We run the biggest digital public relations firm in the world, and we hear a lot about how public relations, like most professions, can be highly subjective.
Sure, there are certain guidelines and tips that are given to help understand how to select or respond to media, but we have found the best way to respond and provide value to the public is to have a good understanding of how to actually evaluate the media PRs are earning for their clients.
Read on for Promo Panda's official recommendations when it comes to evaluating media coverage of all different types.
Your organization may have a set of standard or guidelines to evaluate media coverage. But when evaluating media coverage, it is important to understand the basis for the organizations’ stated criteria, as well as the media outlets’ criteria.
Review the media outlets’ criteria, and see how you can meet or exceed the standards. If you are prepared and you are able to make the media outlets’ standards match your standards, you can effectively make your case.
One of the best ways to evaluate media coverage is by its source. Does the media outlet have a recognized viewpoint, or is it a professional writer who will provide you with opinionated, or bias, content? Be sure that you find out the perspective and bias of the media outlet.
Is the media outlet a source that is credible or appropriate to your organization’s organization and goals? If the media outlet is not appropriate, you need to decide whether to engage it or not.
To be sure you are not entering into a battle of facts with an outlet, be prepared to provide citations to support your arguments. In fact, in our experience, we find that the more citations you provide, the better.
It’s important to understand the tone of the piece to assess whether or not it is meaningful and the organization’s. One of the best ways to evaluate a piece is to ask yourself, “What is the tone of the article?” and “Is it clear the story is objective?”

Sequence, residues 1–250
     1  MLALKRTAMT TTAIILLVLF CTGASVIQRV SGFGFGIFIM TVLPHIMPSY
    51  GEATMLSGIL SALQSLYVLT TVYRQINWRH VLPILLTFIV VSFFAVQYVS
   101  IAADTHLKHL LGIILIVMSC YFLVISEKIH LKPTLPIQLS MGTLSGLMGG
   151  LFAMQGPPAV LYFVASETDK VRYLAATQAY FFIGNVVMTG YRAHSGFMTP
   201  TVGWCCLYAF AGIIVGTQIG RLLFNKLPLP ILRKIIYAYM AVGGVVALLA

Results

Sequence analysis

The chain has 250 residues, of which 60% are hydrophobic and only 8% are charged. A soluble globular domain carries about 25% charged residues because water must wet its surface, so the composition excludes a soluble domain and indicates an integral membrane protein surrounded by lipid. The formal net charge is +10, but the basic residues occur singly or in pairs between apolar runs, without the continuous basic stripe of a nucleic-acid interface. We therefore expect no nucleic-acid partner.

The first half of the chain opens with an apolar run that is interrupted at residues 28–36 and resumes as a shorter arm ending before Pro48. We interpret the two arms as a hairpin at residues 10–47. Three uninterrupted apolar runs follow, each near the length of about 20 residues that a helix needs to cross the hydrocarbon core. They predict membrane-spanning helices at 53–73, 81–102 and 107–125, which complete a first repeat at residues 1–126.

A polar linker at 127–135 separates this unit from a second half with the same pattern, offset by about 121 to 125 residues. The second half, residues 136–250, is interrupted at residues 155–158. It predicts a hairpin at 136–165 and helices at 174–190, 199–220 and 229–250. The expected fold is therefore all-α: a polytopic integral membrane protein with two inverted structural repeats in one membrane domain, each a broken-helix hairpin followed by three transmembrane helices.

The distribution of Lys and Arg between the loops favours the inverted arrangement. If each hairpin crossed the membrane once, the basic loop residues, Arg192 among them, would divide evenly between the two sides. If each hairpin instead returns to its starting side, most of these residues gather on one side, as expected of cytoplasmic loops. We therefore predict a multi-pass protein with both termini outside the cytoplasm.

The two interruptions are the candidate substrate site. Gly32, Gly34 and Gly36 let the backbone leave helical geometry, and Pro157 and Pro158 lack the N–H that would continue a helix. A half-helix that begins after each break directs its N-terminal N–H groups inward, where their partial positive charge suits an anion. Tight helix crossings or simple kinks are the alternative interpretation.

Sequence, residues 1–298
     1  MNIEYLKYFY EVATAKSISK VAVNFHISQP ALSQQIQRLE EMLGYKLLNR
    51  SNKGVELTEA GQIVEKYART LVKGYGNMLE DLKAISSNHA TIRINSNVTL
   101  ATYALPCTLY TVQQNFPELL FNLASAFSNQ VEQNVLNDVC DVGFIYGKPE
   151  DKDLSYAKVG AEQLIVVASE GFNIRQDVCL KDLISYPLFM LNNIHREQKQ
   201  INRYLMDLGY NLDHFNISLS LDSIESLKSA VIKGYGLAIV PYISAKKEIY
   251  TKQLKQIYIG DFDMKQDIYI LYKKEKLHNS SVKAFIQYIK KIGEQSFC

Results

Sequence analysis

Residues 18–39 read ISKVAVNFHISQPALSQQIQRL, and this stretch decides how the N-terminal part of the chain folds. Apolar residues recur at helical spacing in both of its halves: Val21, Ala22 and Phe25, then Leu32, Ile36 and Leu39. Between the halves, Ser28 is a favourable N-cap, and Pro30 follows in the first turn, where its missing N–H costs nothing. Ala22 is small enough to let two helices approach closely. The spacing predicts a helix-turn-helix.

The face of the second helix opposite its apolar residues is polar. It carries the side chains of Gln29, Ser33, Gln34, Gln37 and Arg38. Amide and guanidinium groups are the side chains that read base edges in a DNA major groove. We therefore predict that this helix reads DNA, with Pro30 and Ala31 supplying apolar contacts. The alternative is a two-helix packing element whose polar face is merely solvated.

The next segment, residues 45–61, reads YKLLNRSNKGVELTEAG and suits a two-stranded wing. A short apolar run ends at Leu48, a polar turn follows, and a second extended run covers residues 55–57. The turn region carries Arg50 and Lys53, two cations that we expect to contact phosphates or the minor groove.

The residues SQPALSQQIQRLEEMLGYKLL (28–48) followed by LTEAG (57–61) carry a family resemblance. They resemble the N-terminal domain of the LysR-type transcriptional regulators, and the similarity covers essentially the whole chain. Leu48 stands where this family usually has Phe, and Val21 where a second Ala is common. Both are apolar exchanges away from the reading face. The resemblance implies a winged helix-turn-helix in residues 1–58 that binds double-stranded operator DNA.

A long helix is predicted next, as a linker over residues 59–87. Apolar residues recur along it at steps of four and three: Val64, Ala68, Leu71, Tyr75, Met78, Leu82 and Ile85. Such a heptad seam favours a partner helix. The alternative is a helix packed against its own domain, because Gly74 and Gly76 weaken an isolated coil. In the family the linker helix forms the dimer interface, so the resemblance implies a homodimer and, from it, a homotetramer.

Too many times, we have been the recipient of so-called fair, objective and unbiased journalism. But just as importantly, we have found that those same pieces are often wildly misrepresentative. Make sure you know how the piece will be received and adjust your responses accordingly.
Be sure to evaluate the piece based on the organization’s messaging. Is the article positively portraying your organization and is it effectively communicating your message? Does the piece provide analysis of your industry and business?
Also, make sure that the article does not reflect a large concern or concern for you, such as the impact of an organization’s actions, practices or policies.
In fact, you want to challenge a story that is not well-researched, so that the piece is an example of well-researched journalism.
Take a minute and read through the story and see if it’s accurate. Read for accuracy. Once you read the story, consider what, if anything, you would have included or omitted. Consider whether you would have changed anything, and if so, how?
Consider the grammar and punctuation in the story, and determine if it is consistent with standards for accurate journalism.
If an organization is going to respond to media coverage, it is critical that the organization be able to defend its position, and not just respond to the pieces, but create or improve on the organization’s message.
Try to respond to each specific claim made in the article. Don’t just issue an uninformed or inaccurate blanket response.
Similar to the previous tip, it is important to make sure that the article is relevant and connected to the organization.
Are you providing solutions to a problem or adding to the discussion of the issues? Is the piece appearing in the media outlet’s monthly publication, or is it appearing in another media outlet or publication that the organization should reach?
Check the outlet’s home page. Does it match up with your goals and mission?
Take time to try to determine if the piece is directly relatable to your organization and its mission and to your staff. In the best-case scenario, you can validate your organization’s position through a reply to the article. In the worst-case scenario, you will have to keep up the fight. But the work will be worth it.
Over the past decade, you may have learned something about media relations and communications from TV, newspapers, magazines, blogs, magazines and even radio.
While the traditional outlets are still important, today’s audiences have the power to find information in a multitude of ways. If you don’t continue to stay abreast of trends in media and keep your fingers on the pulse of your industry, you may find yourself left behind.
But the time to prepare is now.